Feb. 21 (UPI) -- Scientists have successfully recovered DNA from a frozen bird found in the Siberian permafrost. Analysis of the DNA revealed the frozen bird to be a 46,000-year-old horned lark.
The discovery, described Friday in the journal Communications Biology, could help scientists trace the transformation of mammoth steppe into tundra and forest at the end of the last ice age.
When the frozen bird was first found in 2018, scientists didn't know its identity, but the well-preserved specimen yielded intact DNA that scientists were able to sequence in the lab.
"Not only can we identify the bird as a horned lark," lead study author Nicolas Dussex, zoologist at Stockholm University, said in a news release. "The genetic analysis also suggests that the bird belonged to a population that was a joint ancestor of two subspecies of horned lark living today, one in Siberia, and one in the steppe in Mongolia. This helps us understand how the diversity of subspecies evolves."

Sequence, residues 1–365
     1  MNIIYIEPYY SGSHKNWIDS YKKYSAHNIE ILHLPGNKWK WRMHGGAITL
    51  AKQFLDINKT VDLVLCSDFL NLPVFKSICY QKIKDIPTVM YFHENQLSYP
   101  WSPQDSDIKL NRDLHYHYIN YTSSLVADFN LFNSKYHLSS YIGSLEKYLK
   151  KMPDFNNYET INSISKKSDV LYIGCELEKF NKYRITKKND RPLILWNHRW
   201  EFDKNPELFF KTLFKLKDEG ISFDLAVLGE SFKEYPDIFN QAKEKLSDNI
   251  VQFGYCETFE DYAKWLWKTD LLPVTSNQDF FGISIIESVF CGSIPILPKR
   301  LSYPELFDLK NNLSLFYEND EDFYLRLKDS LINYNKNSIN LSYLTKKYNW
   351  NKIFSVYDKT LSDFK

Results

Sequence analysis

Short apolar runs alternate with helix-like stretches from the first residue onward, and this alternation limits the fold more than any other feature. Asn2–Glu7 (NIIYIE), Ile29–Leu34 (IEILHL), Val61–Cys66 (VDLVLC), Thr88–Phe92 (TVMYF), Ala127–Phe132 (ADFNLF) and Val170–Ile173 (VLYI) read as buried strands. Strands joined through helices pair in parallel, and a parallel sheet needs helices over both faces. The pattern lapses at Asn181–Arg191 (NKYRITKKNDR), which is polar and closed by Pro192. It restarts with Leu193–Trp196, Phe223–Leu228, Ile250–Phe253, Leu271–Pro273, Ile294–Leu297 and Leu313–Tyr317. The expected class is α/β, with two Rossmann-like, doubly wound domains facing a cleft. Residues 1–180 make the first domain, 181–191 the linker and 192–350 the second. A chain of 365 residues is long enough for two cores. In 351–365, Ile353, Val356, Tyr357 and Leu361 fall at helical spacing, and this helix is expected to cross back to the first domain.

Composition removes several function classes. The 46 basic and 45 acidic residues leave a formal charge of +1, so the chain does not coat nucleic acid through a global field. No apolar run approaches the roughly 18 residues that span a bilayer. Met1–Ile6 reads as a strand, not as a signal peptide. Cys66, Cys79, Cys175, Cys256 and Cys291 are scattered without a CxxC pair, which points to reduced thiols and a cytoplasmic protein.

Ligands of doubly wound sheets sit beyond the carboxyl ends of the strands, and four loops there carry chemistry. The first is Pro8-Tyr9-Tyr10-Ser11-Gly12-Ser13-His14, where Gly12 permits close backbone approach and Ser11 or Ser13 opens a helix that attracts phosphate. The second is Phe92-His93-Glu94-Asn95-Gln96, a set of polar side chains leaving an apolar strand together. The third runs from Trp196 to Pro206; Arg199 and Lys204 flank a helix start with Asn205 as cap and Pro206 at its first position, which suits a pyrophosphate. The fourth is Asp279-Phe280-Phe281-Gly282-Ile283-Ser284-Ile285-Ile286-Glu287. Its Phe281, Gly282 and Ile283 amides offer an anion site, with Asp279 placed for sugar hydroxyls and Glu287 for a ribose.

The findings not only provided insight into the evolution of the horned lark, but also the evolution of region's biomes at the end of the last ice age.
During the Last Glacial Maximum, the mammoth steppe, characterized by grasses and shrubs, became Earth's most extensive biome, spreading out across northern Europe and Asia. The biome was dominated by bison, horses, woolly mammoth and woolly rhinoceros.
Some scientists have theorized that the steppe consisted of a mix of tundra and coniferous forest. As the planet warmed and the glaciers receded, the biome became divided into three main types: tundra in the north, taiga in the middle and steppe in the south.
"Our results support this theory since the diversification of the horned lark into these subspecies seems to have happened about at the same time as the mammoth steppe disappeared," said Love Dalén, paleogeneticist and professor at the Swedish Museum of Natural History.
Scientists have yet to map the entire genome of the frozen bird. When they do, the team of researchers plans to compare the genome to those of all horned lark subspecies to build a more thorough history of the bird's evolution.
The dig site, located in the Belaya Gora area of northeastern Siberia, has yielded several other interesting specimens, which scientists are currently studying, including an 18,000-year-old wolf or dog puppy, a 50,000-year-old cave lion cub and a partially preserved woolly mammoth.